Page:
Keep Lines of Communication Open

Determining how to communicate effectively is one of the most important elements of any emergency plan. This includes how staff will stay in touch with each other as well as with the outside world. While many businesses rely on a basic phone tree to inform staff of emergencies, you will need to plan well beyond this to be ready for a major crisis.

  • Make an emergency contact list. In addition to employee contact information, the list should include state, local, and federal emergency phone numbers as well as clients, suppliers, contractors, financial institutions, insurance agents, and any other individuals or businesses you might need to notify.
  • Keep laptop, notebook, and cell phone batteries charged. These connections can help you stay in touch during many types of emergency situations. Text messages can often get around network disruptions, and cell phone service may be restored before electricity. It’s also a good idea to keep mobile charging devices at hand.
  • Use group emails or post messages to your company’s social media page as long as electricity and Internet connections are unaffected.
  • Stay connected to sources of emergency information. It is important to have access to sources for official emergency updates such as TV and radio. Consider investing in hand-cranked or solar powered radios so you can tune in to emergency broadcasts in the event power is lost. Many communities have alert systems you can subscribe to that send instant texts or e-mails about bad weather, road closings, local emergencies, etc.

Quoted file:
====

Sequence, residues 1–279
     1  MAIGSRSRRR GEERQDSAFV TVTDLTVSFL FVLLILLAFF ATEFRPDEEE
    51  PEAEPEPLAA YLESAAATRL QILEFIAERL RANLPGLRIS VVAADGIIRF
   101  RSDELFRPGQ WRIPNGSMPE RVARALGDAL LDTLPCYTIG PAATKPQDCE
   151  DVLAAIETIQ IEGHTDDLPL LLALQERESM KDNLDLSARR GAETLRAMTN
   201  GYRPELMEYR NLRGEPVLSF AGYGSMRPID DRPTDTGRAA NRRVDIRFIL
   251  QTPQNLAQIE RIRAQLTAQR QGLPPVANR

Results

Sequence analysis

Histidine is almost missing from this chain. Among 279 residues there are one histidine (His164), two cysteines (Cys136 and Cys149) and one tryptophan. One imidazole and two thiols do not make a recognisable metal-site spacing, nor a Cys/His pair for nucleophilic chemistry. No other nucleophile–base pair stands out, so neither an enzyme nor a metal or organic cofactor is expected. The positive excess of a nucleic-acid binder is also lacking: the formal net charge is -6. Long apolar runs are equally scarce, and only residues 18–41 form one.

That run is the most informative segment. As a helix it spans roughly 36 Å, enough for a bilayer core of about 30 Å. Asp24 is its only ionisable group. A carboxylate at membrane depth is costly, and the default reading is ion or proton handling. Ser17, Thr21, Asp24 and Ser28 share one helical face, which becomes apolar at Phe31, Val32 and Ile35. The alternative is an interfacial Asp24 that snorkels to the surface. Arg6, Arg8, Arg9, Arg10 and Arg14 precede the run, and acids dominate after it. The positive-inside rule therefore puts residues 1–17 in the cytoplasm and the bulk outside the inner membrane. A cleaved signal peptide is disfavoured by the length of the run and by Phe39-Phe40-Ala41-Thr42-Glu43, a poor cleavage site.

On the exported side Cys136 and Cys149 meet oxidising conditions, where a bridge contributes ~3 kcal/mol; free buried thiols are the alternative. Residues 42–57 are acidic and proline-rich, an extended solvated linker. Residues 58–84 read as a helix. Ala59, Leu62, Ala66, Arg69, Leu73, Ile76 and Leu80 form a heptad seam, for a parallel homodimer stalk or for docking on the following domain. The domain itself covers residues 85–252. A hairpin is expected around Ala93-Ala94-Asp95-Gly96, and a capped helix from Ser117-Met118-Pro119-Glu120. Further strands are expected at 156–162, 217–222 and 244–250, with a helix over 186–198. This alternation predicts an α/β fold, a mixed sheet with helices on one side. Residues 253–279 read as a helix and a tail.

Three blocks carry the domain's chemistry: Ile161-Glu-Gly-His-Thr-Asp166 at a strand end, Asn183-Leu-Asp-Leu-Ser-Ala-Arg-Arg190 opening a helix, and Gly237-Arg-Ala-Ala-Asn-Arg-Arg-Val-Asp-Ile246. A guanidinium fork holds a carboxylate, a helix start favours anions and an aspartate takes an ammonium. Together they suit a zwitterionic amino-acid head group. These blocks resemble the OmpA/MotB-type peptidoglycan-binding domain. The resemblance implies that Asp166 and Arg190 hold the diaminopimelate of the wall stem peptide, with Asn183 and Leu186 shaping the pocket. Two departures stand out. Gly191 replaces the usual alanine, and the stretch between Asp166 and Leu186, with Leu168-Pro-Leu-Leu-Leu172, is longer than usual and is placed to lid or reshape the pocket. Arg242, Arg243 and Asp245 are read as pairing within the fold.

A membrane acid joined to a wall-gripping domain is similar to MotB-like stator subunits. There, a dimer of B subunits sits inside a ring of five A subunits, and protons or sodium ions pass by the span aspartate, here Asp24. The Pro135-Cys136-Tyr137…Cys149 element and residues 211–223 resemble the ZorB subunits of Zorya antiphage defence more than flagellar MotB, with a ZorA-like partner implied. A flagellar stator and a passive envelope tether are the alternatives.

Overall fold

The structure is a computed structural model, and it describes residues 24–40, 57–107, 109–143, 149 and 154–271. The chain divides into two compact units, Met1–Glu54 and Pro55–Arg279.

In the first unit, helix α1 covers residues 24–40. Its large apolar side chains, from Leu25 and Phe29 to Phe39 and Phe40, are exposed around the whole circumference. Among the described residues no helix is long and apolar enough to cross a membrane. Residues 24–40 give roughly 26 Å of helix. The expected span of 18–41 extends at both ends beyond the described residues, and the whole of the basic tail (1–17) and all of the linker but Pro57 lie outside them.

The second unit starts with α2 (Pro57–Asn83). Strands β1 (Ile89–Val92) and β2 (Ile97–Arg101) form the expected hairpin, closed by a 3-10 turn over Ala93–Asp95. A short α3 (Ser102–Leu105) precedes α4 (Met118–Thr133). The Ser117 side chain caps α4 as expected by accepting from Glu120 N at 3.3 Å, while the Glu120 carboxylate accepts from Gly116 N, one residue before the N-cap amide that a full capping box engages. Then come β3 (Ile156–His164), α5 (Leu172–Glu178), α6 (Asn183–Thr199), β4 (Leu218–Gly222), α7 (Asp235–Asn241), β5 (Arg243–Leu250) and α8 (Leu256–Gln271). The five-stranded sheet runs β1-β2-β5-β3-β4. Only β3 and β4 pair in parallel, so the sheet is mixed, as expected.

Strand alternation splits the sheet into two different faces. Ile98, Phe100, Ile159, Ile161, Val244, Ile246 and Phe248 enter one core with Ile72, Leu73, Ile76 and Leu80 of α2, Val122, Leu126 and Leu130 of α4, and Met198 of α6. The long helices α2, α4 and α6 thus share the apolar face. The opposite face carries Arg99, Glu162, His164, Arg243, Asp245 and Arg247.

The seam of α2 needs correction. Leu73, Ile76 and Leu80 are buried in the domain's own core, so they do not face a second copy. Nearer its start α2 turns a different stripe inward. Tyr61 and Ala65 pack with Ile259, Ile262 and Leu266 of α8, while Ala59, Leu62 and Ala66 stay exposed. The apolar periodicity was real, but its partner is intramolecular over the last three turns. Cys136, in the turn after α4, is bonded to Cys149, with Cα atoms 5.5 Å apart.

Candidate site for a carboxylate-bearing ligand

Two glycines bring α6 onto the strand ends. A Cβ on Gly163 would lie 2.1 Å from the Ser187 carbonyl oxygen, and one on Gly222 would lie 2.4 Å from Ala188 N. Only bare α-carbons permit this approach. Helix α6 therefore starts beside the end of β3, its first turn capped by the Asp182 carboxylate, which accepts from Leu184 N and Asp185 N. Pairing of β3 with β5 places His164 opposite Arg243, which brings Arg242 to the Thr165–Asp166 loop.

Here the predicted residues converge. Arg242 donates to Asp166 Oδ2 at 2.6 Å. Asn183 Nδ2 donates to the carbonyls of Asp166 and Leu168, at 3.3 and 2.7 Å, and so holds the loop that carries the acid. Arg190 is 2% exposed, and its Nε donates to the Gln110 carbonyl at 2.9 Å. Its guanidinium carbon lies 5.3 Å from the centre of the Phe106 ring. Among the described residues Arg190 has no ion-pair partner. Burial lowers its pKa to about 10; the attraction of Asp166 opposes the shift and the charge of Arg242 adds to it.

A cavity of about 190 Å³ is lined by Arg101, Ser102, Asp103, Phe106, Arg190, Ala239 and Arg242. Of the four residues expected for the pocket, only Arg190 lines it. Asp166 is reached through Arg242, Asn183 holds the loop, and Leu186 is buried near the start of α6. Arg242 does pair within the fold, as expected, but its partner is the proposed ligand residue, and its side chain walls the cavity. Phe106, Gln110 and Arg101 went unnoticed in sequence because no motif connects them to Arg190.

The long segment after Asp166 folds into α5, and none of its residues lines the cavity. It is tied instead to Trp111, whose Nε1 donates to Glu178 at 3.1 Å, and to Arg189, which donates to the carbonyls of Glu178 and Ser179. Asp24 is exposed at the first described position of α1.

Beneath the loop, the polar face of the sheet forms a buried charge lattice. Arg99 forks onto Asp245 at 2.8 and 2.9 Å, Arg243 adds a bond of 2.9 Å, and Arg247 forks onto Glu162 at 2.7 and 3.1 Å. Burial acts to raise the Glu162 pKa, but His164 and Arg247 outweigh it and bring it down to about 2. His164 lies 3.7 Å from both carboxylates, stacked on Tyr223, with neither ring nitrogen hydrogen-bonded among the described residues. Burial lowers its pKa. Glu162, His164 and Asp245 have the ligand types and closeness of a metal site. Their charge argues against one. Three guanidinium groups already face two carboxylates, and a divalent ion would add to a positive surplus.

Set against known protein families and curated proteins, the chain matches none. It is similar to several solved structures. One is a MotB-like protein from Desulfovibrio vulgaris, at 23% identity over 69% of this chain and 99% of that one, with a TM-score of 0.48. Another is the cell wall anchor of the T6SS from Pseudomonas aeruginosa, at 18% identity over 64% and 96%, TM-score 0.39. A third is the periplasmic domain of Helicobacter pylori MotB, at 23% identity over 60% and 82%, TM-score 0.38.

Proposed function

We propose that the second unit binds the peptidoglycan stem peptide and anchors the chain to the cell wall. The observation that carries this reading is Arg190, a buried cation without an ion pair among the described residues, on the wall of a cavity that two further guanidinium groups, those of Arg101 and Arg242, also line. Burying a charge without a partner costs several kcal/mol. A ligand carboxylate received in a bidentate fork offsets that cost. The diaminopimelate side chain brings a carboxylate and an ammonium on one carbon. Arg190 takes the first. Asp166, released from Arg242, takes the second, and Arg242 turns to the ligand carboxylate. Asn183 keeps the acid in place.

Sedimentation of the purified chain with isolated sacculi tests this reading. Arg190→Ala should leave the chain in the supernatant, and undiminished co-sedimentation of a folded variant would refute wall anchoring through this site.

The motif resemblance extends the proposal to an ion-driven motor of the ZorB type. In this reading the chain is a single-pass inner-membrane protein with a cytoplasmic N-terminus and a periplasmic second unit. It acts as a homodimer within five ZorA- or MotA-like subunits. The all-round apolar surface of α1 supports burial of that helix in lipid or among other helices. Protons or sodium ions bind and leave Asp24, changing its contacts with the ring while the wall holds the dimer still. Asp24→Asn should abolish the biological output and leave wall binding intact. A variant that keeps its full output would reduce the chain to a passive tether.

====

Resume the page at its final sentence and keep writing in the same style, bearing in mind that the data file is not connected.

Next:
Identify Alternate Facilities

It may take weeks or months to restore a facility after a disaster. To avoid losing customers who will have to look elsewhere if you are unable to handle their needs, consider alternate facilities where your business can operate temporarily. This may be a local business willing to rent short-term office or warehouse space, colleagues or friends with spare offices or storage facilities, or co-working spaces or your employees’ homes if your business lends itself to telecommuting.

Review Your Insurance Coverage

Having the right type and amount of insurance to protect your business and employees will help you recover more rapidly from a catastrophe. Review your policy or policies with your agent or broker to make sure you understand exactly what losses are covered and what risks are excluded.

Keep in mind that in addition to damage to buildings or equipment, you will need to pay rent, loans, equipment leases, and other expenses whether or not your business is operating. Business interruption insurance can compensate you for lost revenue and cover operating expenses if you have to close your doors temporarily due to damage that is covered under your property insurance policy. If you are located in a flood zone, check with FEMA to find out if you need to have a separate flood insurance policy.

Protect Your Data